Boston Public Garden
Other Ideas: The Charles River Esplanade; Arnold Arboretum; Stage Fort Park Beaches; Blue Hills State Reservation; Breakheart Reservation
The Common has been public land since Boston was founded in 1630. The Public Garden was fully defined in 1856 by the building of Arlington Street, and in 1860 when the architect George Meacham was commissioned to plan the park.
The Public Garden is a lush, meticulously maintained botanical garden space of nearly 4 acres, with enormous trees that are hundreds of years old shading wonderful walking paths. Historic statues and fountains adorn the greenery and the illustrious swan boats float peacefully by on the middle pond.
The pond has been famous since 1877 for its foot pedal-powered (but wheelchair-accessible) Swan Boats, which make leisurely cruises during warm months. They were invented by one Robert Paget, who was inspired by the swan-drawn boat that carries Lohengrin in the Wagner opera of the same name. (Paget descendants still run the boats.)
The pond is favored by ducks and pairs of swans, and for the modest price of a few boat rides you can amuse children here for an hour or more. Near the Swan Boat dock is what has been described as the world's smallest suspension bridge, designed in 1867 to cross the pond at its narrowest point.
The Public Garden has the finest formal plantings in central Boston. The beds along the main walkways are replanted for spring and summer. The tulips during the first two weeks of May are especially colorful, and there's a sampling of native and European tree species.
The dominant work among the park's statuary is Thomas Ball's equestrian George Washington (1869), which faces the head of Commonwealth Avenue at the Arlington Street gate.
This is Washington in a triumphant pose as liberator, surveying a scene that, from where he stood with his cannons at Dorchester Heights, would have included an immense stretch of blue water.
Several dozen yards to the north of Washington (to the right if you're facing Commonwealth Avenue) is the granite and red-marble Ether Monument, donated in 1866 by Thomas Lee to commemorate the advent of anesthesia 20 years earlier at nearby Massachusetts General Hospital.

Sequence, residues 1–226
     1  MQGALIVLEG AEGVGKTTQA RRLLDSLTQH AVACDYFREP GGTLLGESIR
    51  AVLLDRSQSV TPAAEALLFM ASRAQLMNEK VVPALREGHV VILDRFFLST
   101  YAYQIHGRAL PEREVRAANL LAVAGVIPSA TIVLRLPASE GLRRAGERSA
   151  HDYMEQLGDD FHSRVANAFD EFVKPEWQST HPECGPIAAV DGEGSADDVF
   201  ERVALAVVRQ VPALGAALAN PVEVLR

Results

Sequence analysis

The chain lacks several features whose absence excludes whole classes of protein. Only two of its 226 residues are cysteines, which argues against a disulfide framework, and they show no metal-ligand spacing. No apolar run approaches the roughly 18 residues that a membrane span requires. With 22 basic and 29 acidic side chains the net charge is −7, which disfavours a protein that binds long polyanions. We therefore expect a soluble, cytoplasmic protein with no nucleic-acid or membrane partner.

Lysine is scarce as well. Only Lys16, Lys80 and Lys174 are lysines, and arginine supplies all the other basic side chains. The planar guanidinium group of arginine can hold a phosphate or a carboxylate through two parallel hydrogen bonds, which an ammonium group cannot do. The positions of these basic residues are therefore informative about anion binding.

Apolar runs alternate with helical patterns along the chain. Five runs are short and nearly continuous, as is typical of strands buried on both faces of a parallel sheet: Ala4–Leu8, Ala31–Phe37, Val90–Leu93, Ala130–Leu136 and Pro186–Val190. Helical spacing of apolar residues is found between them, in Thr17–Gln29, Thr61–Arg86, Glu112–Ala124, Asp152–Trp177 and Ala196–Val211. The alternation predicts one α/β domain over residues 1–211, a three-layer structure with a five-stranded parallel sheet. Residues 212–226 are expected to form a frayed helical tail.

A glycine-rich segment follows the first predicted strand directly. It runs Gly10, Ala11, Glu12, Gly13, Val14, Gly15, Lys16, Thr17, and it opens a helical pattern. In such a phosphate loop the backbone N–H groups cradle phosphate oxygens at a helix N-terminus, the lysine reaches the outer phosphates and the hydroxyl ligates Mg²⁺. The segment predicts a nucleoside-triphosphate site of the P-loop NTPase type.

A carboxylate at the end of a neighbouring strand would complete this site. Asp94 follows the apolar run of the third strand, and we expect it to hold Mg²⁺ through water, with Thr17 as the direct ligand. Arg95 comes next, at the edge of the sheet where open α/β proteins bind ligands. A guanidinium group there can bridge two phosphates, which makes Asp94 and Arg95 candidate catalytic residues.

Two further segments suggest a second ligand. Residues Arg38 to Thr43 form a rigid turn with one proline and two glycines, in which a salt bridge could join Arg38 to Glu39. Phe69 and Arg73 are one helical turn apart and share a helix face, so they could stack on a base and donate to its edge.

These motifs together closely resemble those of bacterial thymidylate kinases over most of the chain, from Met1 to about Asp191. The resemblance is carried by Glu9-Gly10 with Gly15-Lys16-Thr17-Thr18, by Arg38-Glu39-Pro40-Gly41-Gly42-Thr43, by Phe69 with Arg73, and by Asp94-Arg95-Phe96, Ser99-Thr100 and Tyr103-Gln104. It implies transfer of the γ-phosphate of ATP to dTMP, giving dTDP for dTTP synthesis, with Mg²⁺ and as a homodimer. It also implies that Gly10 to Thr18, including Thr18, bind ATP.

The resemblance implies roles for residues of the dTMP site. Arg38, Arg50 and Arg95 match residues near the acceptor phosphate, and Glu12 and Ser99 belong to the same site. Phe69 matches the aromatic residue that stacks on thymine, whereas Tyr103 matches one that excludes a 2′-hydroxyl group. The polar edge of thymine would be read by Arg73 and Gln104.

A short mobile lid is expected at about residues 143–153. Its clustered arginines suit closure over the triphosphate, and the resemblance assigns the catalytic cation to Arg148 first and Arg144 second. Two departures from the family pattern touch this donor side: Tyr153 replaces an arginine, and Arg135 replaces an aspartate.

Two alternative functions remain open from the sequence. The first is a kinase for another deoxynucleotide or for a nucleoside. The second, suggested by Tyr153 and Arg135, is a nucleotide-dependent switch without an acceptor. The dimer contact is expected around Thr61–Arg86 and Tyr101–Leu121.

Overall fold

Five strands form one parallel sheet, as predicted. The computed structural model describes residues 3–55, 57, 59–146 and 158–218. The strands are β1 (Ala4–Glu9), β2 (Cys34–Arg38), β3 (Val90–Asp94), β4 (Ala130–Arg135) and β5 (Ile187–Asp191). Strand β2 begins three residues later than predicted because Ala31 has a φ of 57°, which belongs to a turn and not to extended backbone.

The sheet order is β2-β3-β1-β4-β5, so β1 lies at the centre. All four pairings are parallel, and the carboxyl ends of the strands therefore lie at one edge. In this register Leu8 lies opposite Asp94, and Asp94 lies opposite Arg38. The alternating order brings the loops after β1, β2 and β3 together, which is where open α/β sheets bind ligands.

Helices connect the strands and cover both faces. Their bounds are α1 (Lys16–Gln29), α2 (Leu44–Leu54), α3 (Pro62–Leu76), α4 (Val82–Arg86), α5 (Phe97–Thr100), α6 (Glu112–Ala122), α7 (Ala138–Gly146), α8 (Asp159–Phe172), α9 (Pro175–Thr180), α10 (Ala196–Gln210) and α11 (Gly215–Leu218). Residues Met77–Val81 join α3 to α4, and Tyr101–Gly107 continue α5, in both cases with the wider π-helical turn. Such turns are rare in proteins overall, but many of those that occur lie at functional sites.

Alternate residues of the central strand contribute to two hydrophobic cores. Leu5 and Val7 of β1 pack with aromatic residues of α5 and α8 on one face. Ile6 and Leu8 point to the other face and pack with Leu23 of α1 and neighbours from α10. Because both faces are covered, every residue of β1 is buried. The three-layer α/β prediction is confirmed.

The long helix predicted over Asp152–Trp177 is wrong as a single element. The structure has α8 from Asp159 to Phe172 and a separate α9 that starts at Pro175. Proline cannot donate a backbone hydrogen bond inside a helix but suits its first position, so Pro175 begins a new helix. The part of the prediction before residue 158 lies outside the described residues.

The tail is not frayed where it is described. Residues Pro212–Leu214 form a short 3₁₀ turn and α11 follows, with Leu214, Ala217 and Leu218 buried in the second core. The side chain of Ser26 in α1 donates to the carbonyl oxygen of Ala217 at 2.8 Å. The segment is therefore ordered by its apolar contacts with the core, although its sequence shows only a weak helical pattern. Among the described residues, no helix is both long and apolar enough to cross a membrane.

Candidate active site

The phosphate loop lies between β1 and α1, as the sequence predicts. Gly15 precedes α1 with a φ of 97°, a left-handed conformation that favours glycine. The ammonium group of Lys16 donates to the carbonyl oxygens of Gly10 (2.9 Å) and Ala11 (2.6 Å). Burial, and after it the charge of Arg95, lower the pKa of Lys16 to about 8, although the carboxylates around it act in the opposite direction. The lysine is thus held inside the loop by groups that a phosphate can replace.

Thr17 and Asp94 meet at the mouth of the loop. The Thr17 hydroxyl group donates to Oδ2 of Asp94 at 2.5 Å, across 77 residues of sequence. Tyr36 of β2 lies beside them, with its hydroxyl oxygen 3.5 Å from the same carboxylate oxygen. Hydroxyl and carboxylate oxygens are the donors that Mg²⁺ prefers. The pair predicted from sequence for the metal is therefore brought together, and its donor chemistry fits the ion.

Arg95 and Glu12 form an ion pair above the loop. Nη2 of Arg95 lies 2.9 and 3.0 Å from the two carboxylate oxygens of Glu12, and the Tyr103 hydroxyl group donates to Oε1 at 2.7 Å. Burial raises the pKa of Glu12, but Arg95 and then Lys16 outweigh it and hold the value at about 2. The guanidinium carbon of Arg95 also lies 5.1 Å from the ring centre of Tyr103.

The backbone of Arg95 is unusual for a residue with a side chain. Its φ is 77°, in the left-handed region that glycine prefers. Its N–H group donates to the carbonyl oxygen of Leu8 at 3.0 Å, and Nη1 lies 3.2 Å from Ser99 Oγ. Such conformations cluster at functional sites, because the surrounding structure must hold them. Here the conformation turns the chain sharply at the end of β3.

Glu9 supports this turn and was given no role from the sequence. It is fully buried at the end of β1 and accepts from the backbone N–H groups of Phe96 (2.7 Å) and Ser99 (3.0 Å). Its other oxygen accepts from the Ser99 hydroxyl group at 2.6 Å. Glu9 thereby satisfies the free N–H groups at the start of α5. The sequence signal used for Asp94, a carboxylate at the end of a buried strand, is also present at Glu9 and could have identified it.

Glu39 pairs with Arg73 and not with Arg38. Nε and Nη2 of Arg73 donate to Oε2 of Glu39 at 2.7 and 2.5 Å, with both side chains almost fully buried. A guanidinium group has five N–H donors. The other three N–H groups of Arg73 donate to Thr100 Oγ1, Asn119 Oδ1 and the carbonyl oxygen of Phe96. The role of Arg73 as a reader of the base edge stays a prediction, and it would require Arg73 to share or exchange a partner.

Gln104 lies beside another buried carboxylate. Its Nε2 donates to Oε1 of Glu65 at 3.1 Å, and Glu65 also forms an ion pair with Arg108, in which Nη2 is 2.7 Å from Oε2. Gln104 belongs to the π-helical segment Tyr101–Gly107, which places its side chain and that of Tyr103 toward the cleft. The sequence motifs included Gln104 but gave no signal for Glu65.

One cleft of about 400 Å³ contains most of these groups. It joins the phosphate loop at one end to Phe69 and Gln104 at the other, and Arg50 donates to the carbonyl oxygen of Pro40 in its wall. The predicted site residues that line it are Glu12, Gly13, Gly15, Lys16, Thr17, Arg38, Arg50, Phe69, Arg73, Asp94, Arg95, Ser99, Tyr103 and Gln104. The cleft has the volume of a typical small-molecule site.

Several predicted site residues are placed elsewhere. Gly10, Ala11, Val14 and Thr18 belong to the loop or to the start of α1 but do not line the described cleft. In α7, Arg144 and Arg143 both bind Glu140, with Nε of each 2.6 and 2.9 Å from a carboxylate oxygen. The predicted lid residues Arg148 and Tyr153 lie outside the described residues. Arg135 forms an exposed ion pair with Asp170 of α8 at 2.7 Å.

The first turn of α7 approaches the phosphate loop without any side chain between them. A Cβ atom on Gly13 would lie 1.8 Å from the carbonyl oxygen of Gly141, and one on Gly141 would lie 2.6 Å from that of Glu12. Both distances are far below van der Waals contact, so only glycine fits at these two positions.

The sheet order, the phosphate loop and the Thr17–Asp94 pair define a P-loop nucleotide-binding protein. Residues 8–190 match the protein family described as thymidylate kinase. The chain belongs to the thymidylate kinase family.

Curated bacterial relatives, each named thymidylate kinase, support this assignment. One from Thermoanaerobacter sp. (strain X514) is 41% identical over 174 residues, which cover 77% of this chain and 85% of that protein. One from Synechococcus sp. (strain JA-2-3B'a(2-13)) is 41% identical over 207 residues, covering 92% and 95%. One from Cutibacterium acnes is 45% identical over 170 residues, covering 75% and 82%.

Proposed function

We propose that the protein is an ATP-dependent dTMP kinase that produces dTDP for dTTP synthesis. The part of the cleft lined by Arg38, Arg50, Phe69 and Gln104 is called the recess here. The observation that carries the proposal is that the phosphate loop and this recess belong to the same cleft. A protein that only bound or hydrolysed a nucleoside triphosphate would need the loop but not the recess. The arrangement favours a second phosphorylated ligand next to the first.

Other Public Garden monuments include statues of the Unitarian preacher and transcendentalist William Ellery Channing, at the corner opposite his Arlington Street church; Edward Everett Hale, the author (The Man Without a Country) and philanthropist, at the Charles Street Gate; and the abolitionist senator Charles Sumner and the Civil War hero Colonel Thomas Cass, along Boylston Street.
The park also contains a special delight for the young at heart; follow the children quack-quacking along the pathway between the pond and the park entrance at Charles and Beacon streets to the Make Way for Ducklings bronzes sculpted by Nancy Schön, a tribute to the 1941 classic children's story by Robert McCloskey.
Other attraction that are between 7-15 minutes away include Quincy Market, Old North Church, Boston Children's Museum, The Institute of Contemporary Arts (ICA) Boston Tea Party Ship & Museum, The USS Constitution, Boston Public Garden,The Boston State House, The Museum of Fine Arts, and Fenway Park.
Find lots more ideas on fun things to do with the family in Boston.
Arlington Street; Beacon Street, Boston, MA map
Green Line Arlington puts you right across the street
Red Line Charles/MGH is about a 1/3 mile walk down Charles Street
- Be sure to seek out the cute sculpture Momma Duck and her little ducklings at the Beacon street entrance to the Public Garden - a great photo op for toddlers and kids!
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